by Umberto Eco
In the middle of 12th century
A review by Merle Rubin
Our first impression of Baudolino, the quick-witted, good-hearted Italian peasant
in Umberto Eco's new novel, comes from a piece of parchment on which he attempted,
in the year 1154, at age 14, to set down his life story. "From the cabinet of
the Bishop Oto I have stollen many pages," he writes, "and I have scraped clean
almost all of them excepting where the writing would not come off et now I have
much parchmint to write down what I want which is my own story even if I don't
know to write Latin."
Although conspicuously lacking the more refined literary skills, young Baudolino has a knack for picking up languages: "Since I was a little pup if someboddy say just quinkue five V words I could do their talk right off."
Charmed as we may be by this specimen of the young Baudolino's macaronic writing style, it's a relief to discover that the rest of his story is told in standard modern English (or standard modern Italian deftly rendered into English by William Weaver). Baudolino's gift for languages and his engaging personality bring him to the attention of the German-born Emperor Frederick Barbarossa, who is trying to subdue the unruly cities of northern Italy. Before long, Baudolino becomes something like the emperor's adopted son. He's sent to study in Paris, where he makes lifelong friends, including a wild-eyed poet who can't actually write poetry and a lovesick Arab who can.
The late 12th century is a turbulent age: Rival popes dispute each other's claim of legitimacy; Crusaders keep trying to wrest Jerusalem from the Saracens; and internecine court intrigue plagues Constantinople, capital of the Eastern Christian empire. As a member of Frederick's entourage, Baudolino has not only witnessed all kinds of power struggles, military and diplomatic, he has also sometimes been able thanks to his knack for inventive lying to influence events for the better.
One of Baudolino's most far-fetched inventions was a letter purportedly written by the legendary Christian priest-king of the Indias, Prester John. Fired by the idea of meeting this mythical figure and seeing his legendary realm, Baudolino, his friends, and the emperor set out for the fabled East.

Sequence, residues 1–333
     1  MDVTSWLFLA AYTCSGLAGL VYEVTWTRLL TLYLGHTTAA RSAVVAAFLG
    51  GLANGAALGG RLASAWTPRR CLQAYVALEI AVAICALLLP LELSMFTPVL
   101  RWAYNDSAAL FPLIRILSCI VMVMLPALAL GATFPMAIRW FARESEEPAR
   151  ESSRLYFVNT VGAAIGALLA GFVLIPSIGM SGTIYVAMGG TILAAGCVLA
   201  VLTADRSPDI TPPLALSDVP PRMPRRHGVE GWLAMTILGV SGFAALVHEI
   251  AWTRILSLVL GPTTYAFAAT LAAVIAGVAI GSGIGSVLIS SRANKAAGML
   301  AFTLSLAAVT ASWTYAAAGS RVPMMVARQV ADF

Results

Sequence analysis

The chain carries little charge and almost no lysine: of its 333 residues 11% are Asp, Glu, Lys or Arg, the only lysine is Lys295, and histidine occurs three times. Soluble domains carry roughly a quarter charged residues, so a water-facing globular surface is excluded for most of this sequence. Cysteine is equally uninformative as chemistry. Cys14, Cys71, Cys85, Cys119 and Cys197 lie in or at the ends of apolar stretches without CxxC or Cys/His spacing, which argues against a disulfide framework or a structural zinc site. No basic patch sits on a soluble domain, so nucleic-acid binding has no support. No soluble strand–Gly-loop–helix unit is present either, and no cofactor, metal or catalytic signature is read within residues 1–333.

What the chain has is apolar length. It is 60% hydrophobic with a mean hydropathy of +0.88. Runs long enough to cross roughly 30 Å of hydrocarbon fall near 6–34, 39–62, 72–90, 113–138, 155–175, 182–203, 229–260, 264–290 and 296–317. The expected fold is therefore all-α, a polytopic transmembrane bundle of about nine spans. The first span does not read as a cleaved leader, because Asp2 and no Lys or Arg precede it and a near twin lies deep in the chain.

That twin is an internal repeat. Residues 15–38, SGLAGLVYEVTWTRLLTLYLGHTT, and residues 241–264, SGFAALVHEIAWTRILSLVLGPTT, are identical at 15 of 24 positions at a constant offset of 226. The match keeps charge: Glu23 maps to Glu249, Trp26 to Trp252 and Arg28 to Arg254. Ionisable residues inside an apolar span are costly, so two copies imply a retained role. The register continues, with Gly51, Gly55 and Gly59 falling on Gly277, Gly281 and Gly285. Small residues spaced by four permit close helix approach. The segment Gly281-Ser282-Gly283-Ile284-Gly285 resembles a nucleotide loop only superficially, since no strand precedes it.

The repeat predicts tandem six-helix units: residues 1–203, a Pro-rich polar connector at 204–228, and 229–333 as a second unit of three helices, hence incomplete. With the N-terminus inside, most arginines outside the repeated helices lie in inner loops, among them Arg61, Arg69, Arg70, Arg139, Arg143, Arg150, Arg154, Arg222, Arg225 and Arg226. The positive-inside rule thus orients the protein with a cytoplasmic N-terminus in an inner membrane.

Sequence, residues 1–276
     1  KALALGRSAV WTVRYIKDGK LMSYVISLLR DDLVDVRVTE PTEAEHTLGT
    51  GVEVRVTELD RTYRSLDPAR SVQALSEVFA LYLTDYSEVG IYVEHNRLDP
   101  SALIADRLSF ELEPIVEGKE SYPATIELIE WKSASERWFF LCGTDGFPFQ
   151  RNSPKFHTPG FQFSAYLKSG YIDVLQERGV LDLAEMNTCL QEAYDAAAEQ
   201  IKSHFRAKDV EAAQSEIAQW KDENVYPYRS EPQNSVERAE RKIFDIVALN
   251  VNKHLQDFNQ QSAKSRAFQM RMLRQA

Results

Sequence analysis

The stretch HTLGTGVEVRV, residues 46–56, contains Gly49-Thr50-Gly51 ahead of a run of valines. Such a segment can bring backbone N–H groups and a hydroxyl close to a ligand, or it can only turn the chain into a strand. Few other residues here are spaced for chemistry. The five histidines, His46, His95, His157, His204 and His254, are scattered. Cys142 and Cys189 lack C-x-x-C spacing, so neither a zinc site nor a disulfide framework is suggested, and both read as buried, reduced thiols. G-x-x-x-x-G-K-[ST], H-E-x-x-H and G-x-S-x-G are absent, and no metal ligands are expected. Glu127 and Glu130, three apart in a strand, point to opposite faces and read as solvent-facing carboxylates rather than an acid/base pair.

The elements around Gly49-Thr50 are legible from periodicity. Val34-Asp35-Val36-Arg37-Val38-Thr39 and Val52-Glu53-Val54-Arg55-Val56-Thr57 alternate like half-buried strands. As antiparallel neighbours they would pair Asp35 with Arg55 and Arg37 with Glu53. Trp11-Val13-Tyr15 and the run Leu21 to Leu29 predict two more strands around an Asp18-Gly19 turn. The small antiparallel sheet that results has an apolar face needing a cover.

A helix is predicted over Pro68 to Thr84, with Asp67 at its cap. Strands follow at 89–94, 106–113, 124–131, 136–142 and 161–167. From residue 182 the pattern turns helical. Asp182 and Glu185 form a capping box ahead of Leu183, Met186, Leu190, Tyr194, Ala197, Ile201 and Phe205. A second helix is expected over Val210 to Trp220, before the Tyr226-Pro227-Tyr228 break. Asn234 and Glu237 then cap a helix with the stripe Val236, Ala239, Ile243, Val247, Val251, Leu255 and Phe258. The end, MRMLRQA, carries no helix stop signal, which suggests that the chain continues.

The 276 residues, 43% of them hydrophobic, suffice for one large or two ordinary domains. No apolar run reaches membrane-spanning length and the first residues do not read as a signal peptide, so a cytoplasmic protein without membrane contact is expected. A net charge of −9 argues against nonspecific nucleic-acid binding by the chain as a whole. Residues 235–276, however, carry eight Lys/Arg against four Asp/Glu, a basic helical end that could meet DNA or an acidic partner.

At this point, the novel enters a new imaginative dimension, as the travelers encounter exotic landscapes, fearsome monsters, and strange tribes. There are the gymnosophists, who manage to be benevolent, chaste, and peaceful without benefit of religion. "We do this to make up for the absence of any commandment," one explains.
The Abcasians inhabit a forest of total darkness, guided only by their feelings. Unable to see, they are so sensitive to sound and touch that traveling through their realm is like being bathed in an ocean of tenderness.
More problematic is the bizarre country just outside Prester John's kingdom, inhabited by a variety of Christian sects, each of which is considered heretical by the others, but must try to make common cause against a barbarous foe.
And then, in one of the novel's most enchanting sections, Baudolino meets and falls in love with a hypatia, one of a beautiful, wise, and gentle race of females who might perhaps be described as Gnostics: "We learn to become messengers between what is above and what is below," she explains. "We prove that the current in which God emanates himself can be retraced."
Eco's inventiveness as an allegorist and skill as an elucidator of philosophical concepts are matched by his vivid powers of description, splendidly reflected in Weaver's translation. Take, for example, this account of the Sambatyon, the legendary River of Stone, which must be crossed to get to Prester John's kingdom: "There were cataracts that plunged down from dozens of rocky eaves arranged like an amphitheater, into a boundless final vortex, an incessant retching of granite, an eddy of bitumen, a sole undertow of alum, a churning of schist, a clash of orpiment against the banks.... No human voice could make itself heard in that clangor, nor did the travelers have any desire to speak."
Baudolino is a richly rewarding novel, as satisfying as it is stimulating. War and peace, belief and skepticism, false dreams and true, the pleasures of storytelling, and the mysteries of love: Eco handles these themes with an exhilarating blend of profundity and lightness. Long though it is, this a novel that keeps getting better, gathering irresistible force as it sweeps toward its brilliantly inevitable conclusion.
Merle Rubin reviews books for the Monitor and The Wall Street Journal.
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